March 29, 2011

Even the WSJ knows

Gluten is bad, bacon is rad.

Okay, they don't say anything about bacon, but you know in your heart that it's true.

H/T Robb Wolf.

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March 18, 2011

I have dissappointed myself

But God probably knew this was coming.  I desperately needed a glass of milk when I got home from the gym today, so I went ahead and had... several.  I wanted to just eat my beef and sweet potato curry, but I'm so damn burnt out on crockpotted food that I couldn't bear it.  This is going to be a problem.

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March 10, 2011


I'm badly lapsed, but I've tried to give up something each of the last few years for the Lenten season.  It seems a little silly in context, because I already adhere to a pretty austere diet (by SAD standards, anyhow), but I try to give up something that I still consider a vice.  So this season:

  • Coffee
  • Liquid food
  • Wheat
I basically get no wheat 90% of the time,  but that last 10% is frequent enough that I'm never really giving my gut a chance to rest and recover.  Coffee I knew was a problem, as I'd been abusing it to maintain my 16 hour daily fasts.  Basically, I'd wake up, drink 64 oz of coffee, lift if it was a lifting day, and then eat a massive lunch.  That'll work for a while, but it's also a good recipe for excessive cortisol and subsequent adrenal fatigue.  So for Lent, no coffee, and until I can maintain or lose weight while eating breakfast, no early-morning fasting either.  Right now I've gained a little bit, so it'll be awhile before I start that again.  Liquid food is on the list because as a non-infant I really shouldn't be drinking any calories anyway, and I was pretty sure I was over-reliant on milk and protein shakes.  Yes, the category includes alcohol.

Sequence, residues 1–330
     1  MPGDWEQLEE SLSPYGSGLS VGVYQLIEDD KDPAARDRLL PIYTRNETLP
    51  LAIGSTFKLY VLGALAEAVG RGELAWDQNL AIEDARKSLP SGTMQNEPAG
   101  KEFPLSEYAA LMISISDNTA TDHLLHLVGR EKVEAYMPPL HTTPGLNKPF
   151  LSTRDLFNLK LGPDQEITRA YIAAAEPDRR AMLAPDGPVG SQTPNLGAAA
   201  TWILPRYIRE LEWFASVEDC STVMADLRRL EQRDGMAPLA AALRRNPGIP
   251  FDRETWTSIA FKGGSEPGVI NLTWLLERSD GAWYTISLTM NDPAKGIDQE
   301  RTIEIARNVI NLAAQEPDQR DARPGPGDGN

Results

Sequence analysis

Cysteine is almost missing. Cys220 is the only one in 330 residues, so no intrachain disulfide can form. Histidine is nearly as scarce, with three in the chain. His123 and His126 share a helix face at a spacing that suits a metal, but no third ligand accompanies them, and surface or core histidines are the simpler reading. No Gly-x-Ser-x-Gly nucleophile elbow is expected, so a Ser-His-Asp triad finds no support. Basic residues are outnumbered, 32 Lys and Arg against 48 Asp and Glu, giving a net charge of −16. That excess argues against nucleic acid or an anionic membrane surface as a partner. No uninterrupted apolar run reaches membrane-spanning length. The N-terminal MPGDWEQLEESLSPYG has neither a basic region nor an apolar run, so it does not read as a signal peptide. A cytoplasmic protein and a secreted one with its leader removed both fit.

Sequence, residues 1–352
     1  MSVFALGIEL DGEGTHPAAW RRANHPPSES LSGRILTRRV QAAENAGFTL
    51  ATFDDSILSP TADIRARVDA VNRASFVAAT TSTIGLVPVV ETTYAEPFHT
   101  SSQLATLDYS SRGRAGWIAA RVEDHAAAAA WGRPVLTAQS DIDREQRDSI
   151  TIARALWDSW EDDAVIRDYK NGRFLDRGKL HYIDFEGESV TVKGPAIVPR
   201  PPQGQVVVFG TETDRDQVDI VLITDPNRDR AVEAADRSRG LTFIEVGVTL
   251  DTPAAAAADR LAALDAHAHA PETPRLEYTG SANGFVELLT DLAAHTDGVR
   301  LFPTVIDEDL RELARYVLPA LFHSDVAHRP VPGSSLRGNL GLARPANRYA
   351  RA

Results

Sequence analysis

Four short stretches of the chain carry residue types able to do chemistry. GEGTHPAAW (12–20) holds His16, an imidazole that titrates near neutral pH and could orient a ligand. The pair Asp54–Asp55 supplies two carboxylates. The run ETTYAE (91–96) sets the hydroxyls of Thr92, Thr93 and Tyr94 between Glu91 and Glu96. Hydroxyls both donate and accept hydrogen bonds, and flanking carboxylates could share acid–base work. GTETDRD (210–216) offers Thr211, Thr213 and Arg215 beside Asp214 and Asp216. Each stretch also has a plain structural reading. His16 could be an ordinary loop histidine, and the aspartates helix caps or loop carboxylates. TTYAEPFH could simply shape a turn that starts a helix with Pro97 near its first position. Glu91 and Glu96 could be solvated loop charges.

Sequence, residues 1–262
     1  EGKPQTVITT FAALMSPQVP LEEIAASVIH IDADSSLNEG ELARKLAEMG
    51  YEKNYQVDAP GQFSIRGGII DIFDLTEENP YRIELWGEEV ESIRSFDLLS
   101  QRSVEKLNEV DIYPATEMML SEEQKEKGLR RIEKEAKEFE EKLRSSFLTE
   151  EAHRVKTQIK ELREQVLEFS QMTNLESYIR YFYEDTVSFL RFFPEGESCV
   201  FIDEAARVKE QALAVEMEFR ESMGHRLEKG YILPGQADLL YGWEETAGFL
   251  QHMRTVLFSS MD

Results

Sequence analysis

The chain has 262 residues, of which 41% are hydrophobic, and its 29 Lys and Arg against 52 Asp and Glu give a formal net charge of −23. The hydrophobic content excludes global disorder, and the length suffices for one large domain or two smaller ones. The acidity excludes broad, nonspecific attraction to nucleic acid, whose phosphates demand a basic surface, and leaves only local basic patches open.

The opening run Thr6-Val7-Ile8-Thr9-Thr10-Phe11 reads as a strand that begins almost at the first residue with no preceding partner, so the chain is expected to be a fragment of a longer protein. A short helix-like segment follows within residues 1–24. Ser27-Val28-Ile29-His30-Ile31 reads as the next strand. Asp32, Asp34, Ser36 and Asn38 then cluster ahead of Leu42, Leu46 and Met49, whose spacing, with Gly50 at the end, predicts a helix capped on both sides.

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November 18, 2010

These two ought to combine nicely.

I turn 35 in just under a month, and I'm not planning on a huge cheat for my birthday, so my current plan is to make something dessert-like that's not too much of a stretch.

Behold, I have the makings of an almost-paleo pumpkin cheesecake:

I'll review after I've actually made it.

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October 08, 2010

IF links, and humility

Since I've moved my workouts earlier in the day these past 3 weeks, I've been struggling to maintain my intermittent fasts with my normal 12pm-8pm feeding window. I've been having my post-workout meal around 10am most days, then occasionally getting lunch just 2 hours later( or skipping lunch altogether). The practical fallout from this is that if I want to continue daily 16 hour fasts, my feeding window closes at 6pm, which is an hour before I make it home most nights. This can often mean me eating a 2nd/3rd meal somewhat later than planned, mostly because getting home = dinner in my mind. I've tried to skip dinner on the days when I've had two meals while I've been away from home, but it's not always easy. My weight has also crept up a pound or two (mostly it goes up 2 or 3, then I skip dinner and it comes down 1 or 2). Anyhow, in light of that, I went back to see what Martin Berkhan recommended for my situation.